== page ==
Samuel Downing: Man Overboard!

For a long time I believed that Samuel Downing, the first son of Southminster patriach Joseph Downing, had died in infancy.  It seemed the logical conclusion - there was no sign of him in any of the Southminster records or anywhere else in England for that matter and the parish register from the relevant years that would show his burial had been destroyed.  His mother and sister had also disappeared in this period, and his mother was clearly dead, as Joseph had remarried and described himself as a widower.Read more...

Joseph and Hannah Downing: The Oldest Couple in Essex

My grandfather, Aubrey Downing, passed away last year at the grand old age of ninety-six, and I had the privilege of giving the eulogy at his funeral.  Of course, I just had to sneak a bit of family history into it by telling the congregation that it was no surprise to me that my grandfather had lived so long - he came from a long line of long-lived Downings.   The average life expectancy for a man born in the 1700s was about 35.  Our three Downing ancestors born in that century far exceeded that.   John Downing  (my 5th gg) lived to 88, Joseph Downing (my 6th gg)  lived to 77, and Samuel Downing (my 7th gg) lived to 73.  However, Joseph Downing junior (my 4th gg) took it a step further and made headlines with his old age. Read more...

Joseph Downing: How My Family Came To Essex

My majority of my research has centred on my mother's family, the Downings, who lived in Southminster, Deepest Essex (and later Southend-on-Sea).  This lively family were always up to mischief and rarely off the pages of the Chelmsford Chronicle.  But I knew they weren't always from Southminster.  Every Downing that I had researched was descended from the same man, Joseph Downing.  According to his burial record, Joseph was 77 when he died in 1819, meaning he had been born around 1742.  But there was no baptism for Joseph in Southminster, or indeed of any other Downings prior to him.  Where did he come from, and why?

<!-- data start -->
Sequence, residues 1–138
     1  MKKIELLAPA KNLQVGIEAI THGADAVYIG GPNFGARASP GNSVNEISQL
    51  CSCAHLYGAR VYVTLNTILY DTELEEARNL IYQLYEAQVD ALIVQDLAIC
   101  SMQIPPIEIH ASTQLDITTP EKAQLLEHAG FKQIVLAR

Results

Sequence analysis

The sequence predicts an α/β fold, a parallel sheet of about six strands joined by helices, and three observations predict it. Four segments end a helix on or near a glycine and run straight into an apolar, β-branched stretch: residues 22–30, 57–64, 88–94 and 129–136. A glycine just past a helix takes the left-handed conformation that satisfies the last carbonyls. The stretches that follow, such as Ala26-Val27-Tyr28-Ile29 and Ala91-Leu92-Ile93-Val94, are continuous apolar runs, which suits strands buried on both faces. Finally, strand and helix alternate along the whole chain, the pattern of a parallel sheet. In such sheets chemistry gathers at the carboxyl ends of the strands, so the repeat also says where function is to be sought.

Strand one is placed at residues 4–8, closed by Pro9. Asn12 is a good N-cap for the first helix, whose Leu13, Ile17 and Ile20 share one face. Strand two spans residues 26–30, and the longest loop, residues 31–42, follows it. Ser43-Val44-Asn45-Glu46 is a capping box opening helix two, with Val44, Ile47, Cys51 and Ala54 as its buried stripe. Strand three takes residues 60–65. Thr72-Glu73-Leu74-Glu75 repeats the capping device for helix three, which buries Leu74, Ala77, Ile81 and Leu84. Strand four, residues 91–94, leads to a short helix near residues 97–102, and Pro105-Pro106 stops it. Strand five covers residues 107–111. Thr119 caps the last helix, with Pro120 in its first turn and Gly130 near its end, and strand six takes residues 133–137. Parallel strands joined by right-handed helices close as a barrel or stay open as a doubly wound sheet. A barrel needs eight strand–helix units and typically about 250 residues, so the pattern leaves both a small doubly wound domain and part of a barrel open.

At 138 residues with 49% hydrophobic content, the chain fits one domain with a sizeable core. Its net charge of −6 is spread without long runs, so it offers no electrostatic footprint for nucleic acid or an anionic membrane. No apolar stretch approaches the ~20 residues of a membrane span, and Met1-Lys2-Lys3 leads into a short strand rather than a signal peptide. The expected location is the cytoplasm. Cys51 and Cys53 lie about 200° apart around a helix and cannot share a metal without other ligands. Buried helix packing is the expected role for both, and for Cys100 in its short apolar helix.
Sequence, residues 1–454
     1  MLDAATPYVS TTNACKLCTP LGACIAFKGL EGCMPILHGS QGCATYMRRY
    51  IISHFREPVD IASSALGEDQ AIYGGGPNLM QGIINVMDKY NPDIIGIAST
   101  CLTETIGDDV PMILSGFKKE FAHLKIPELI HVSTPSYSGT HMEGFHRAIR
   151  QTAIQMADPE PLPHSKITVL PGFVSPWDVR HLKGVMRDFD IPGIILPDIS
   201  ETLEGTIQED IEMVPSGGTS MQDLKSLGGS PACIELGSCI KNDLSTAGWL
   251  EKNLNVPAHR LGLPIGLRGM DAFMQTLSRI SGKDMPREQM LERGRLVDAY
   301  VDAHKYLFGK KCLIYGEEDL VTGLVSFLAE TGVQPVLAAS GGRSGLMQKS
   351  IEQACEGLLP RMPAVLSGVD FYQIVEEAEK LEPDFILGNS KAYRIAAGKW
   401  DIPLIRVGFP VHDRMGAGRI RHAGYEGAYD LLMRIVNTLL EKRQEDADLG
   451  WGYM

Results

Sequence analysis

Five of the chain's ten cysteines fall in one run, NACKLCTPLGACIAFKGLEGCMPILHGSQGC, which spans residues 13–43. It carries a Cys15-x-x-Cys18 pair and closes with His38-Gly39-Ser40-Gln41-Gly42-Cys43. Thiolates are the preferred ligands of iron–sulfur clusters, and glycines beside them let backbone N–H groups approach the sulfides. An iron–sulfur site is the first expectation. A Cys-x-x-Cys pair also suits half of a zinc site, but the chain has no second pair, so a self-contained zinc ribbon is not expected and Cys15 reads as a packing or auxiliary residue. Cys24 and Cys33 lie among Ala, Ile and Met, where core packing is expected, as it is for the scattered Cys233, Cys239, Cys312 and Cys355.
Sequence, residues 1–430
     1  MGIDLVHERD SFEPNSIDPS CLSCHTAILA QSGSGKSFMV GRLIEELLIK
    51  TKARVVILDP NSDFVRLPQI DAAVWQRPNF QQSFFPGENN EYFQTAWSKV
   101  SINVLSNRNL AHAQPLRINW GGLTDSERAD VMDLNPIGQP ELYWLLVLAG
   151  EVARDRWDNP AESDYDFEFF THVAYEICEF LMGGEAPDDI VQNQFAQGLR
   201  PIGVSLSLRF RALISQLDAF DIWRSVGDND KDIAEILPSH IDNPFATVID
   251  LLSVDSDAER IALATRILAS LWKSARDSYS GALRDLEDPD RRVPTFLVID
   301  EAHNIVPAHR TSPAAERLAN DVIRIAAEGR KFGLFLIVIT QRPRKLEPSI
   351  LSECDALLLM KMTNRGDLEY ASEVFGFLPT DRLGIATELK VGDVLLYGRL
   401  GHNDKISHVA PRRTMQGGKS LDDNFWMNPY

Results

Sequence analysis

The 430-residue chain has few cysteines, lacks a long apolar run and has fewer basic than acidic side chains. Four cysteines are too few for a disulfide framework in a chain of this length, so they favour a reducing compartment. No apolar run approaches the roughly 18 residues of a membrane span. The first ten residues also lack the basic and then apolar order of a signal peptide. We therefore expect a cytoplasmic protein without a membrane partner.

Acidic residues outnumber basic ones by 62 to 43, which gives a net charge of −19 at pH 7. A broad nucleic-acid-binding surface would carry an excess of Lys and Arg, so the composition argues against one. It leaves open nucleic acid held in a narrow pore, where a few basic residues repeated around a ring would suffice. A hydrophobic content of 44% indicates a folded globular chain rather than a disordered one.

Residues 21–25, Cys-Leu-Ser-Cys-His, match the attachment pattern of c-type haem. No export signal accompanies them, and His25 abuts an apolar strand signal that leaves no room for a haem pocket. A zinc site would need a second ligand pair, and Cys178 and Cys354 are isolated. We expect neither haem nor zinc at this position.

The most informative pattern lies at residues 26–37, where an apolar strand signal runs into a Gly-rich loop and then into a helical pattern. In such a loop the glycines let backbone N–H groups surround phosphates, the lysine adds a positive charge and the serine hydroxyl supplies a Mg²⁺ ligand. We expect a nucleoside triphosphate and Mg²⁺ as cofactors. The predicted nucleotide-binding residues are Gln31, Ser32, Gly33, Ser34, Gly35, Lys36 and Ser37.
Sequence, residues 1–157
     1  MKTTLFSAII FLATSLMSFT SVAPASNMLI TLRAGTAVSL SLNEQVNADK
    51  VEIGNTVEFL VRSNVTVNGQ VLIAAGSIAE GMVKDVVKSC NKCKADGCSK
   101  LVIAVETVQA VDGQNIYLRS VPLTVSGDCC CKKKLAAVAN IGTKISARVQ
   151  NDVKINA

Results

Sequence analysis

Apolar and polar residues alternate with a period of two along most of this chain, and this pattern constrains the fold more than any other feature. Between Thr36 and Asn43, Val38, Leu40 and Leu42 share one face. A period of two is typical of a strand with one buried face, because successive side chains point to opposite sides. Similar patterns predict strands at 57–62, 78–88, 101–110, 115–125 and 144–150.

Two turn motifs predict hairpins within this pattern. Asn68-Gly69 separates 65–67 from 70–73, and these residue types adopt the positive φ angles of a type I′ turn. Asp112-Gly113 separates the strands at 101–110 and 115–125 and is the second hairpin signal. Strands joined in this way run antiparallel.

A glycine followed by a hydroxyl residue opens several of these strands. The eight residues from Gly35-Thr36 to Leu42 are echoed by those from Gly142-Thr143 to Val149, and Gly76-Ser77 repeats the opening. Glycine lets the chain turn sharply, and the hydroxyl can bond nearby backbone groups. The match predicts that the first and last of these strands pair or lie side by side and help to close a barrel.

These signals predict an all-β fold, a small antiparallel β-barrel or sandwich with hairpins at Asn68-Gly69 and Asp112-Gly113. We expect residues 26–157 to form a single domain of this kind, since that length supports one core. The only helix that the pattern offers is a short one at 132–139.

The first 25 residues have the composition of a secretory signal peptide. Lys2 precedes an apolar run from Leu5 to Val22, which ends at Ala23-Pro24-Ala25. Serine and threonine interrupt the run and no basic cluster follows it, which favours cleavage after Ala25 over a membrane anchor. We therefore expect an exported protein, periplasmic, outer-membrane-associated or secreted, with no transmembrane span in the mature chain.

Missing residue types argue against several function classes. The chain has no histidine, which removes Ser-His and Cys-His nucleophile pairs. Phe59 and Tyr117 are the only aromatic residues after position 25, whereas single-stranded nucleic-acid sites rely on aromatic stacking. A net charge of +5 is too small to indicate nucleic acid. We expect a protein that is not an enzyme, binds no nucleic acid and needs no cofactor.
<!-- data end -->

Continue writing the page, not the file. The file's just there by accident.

Passchendaele100

My great grandfather, Frederick Allen Downing, survived the Battle of Passchendaele. Half a million soldiers, mostly from Great Britain, Germany, New Zealand, Australia and Canada, did not.  I joined Guided Battlefield Tours for their Passchendale Centenary Tour and went to pay my respects to his fallen comrades.  If Frederick had never returned home, my grandfather … Continue reading Passchendaele100

Henry Downing: the effect on a young family of the death of a parent

Henry Downing, 1847-1898 Painter and Decorator of Southend-on-Sea, Essex, and my great great great grandfather In the 19th century,  the death of a parent could spell financial disaster for a previously comfortably-off family, like the Downings.  Families needed a father to bring in money, and a mother to look after the home and children.  A … Continue reading Henry Downing: the effect on a young family of the death of a parent

Frederick Allen Downing: finding the father of an illegitimate child

Frederick was an obvious choice for a starting point for this blog.  His parentage was the biggest mystery in my family tree, and at one point, I thought it an unsolvable mystery.  It turned out the answer was staring me in the face all along. Read more...